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Making sense of a rare cancer diagnosis

Making sense of a rare cancer diagnosis

You know yourself pretty well, so when you started experiencing symptoms that wouldn’t go away, you went to see your doctor. At your doctor’s office, you talked about your health, your symptoms and your life, and you underwent a few medical tests. Then you received the news: You have a rare form of cancer you’ve never heard of before.

What do you do now?

“When people are diagnosed with a rare type of cancer, finding information can be difficult and frustrating,” said Mary A. Hobbs-Maluccio, MD, surgical oncologist at East Jefferson General Hospital. “However, it’s important to learn as much as you can and seek appropriate cancer treatment.”

What is a rare cancer?

As the name suggests, rare cancers don’t happen often. According to the National Cancer Institute, a cancer is rare if it affects fewer than 15 in 100,000 people annually. Compare that to skin cancer. According to the American Academy of Dermatology, about 9,500 people in the U.S. receive a skin cancer diagnosis daily. That means there are more skin cancer cases diagnosed in a week than there are rare cancers diagnosed in a year.

Though a single rare cancer doesn’t affect many people, rare cancers make up approximately 25% of all cancer diagnoses. That’s because there are more than 500 rare cancers. These cancers affect various parts of the body, including:

  • Anal cavity
  • Larynx
  • Mouth
  • Sinuses
  • Stomach

Understanding rare cancers

Cancer occurs when your body’s cells grow out of control. They multiply when they shouldn’t and spread where they don’t belong. Because cancer cells grow naturally in your body, they’re good at tricking your immune system. Sometimes, your immune system even protects cancerous cells. This is true of all cancers, including rare cancers.

However, rare cancers are harder to understand. They may be the result of genetics or geography, lifestyle, environment, or diet. And because the cancers are rare, they’re difficult to research. There simply aren’t enough cases to understand these diseases, making it hard to pinpoint the root cause. Without this knowledge, avoiding the cancer is also difficult. Additionally, fewer cases make it harder to develop new therapies.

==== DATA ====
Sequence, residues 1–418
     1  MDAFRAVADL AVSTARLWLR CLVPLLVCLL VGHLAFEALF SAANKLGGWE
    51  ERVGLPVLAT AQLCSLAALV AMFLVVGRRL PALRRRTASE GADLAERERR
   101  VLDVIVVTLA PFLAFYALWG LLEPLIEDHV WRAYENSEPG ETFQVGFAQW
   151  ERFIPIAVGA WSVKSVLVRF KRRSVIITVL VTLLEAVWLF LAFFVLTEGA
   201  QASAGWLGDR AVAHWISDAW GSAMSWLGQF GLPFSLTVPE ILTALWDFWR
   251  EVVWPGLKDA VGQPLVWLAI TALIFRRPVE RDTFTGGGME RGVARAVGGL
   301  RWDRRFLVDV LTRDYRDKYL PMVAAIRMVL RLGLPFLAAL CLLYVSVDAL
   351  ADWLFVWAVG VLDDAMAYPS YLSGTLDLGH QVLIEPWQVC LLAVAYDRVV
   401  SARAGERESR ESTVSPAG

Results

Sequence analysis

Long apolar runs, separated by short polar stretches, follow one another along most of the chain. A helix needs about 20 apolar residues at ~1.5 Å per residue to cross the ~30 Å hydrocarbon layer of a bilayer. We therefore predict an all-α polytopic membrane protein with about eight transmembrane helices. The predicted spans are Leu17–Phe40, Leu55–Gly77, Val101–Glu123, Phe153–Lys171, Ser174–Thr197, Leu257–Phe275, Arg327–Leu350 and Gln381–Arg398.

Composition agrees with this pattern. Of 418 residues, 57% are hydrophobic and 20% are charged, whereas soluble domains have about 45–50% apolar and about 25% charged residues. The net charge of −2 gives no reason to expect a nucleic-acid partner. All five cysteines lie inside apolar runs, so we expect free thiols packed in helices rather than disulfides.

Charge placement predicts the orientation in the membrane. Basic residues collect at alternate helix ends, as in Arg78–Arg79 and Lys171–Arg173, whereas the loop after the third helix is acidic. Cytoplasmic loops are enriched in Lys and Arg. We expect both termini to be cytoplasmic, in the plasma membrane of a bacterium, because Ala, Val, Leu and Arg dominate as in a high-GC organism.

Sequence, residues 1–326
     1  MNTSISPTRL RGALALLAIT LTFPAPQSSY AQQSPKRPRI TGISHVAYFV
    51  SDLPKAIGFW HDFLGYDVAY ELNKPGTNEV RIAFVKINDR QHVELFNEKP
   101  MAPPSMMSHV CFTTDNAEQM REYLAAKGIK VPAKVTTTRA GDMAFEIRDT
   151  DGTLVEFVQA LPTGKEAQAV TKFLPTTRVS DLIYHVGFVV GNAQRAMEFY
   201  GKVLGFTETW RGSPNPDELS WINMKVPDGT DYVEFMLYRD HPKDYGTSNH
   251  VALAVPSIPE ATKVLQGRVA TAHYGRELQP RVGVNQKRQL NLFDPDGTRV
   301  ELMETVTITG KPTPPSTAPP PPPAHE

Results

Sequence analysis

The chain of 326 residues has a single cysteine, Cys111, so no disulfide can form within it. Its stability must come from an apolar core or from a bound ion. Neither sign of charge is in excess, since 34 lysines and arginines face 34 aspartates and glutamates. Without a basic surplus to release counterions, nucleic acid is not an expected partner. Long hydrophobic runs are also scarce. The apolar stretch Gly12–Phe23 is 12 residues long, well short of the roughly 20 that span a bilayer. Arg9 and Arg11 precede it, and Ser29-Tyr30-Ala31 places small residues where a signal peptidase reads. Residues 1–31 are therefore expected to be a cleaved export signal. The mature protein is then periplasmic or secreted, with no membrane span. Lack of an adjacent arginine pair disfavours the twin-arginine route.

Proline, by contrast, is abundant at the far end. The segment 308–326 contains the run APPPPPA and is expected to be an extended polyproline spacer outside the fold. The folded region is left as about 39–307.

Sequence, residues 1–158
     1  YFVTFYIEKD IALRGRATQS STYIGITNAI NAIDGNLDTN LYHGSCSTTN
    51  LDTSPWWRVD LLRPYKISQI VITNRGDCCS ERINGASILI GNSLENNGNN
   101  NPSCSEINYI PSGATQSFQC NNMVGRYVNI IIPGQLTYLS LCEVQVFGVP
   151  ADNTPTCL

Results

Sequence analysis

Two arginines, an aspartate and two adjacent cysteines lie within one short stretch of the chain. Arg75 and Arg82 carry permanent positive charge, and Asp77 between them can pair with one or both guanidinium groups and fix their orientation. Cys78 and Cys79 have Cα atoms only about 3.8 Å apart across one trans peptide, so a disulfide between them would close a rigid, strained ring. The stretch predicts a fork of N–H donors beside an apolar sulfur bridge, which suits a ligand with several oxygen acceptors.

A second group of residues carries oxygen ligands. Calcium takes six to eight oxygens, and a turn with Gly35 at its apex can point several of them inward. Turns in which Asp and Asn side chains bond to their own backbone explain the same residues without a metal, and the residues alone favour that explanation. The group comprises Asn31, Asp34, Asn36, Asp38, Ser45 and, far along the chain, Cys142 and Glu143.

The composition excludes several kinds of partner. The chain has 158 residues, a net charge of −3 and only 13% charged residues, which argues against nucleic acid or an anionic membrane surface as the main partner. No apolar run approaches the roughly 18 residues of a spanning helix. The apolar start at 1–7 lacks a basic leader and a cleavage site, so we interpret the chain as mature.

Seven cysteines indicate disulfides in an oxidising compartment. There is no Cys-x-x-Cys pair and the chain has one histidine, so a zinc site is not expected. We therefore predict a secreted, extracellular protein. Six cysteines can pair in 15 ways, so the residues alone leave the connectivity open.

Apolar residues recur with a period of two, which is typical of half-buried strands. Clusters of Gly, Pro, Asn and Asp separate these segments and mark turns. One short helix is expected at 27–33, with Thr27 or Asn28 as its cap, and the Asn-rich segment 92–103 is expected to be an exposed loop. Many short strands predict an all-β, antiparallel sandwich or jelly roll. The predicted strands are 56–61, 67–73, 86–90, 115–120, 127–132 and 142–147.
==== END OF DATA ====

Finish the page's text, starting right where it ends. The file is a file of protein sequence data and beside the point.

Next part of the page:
Caring for rare cancers

Individualized cancer treatment usually leads to improved results. This is particularly true for rare cancers. A multidisciplinary team of experts is also key.

When dealing with rare cancer, your care team will offer medical advice, resources, support and more. During your cancer journey, your team may recommend one or more of the following cancer treatments:

Chemotherapy—Specialized medication that seeks and destroys cancerous cells

Immune therapy—A type of targeted therapy that helps your immune system do its job better

Radiation therapy—High-energy radiation targets cancerous areas to kill cancer cells

Surgery—A surgeon removes as much of the cancerous area as possible

When existing therapies don’t do the trick, clinical trials can help. These give patients access to new treatments and offer new hope. This is good news, especially for those with rare cancers.

“Thanks to ongoing cancer research, five-year survival rates are up from previous decades,” Dr. Hobbs-Maluccio said. “I expect this to continue until we have as many treatment options for rare cancers as we have for breast, prostate or skin cancer.”

At East Jefferson General Hospital, we provide healthcare for everybody. Our rare cancer program offers clinical trials and advanced treatment options, all provided by a multidisciplinary team focused on caring for rare cancers.

Were you diagnosed with a rare cancer? Expert, compassionate care is available close to home. Learn more about your rare cancer and how East Jefferson General Hospital’s rare cancer program can help.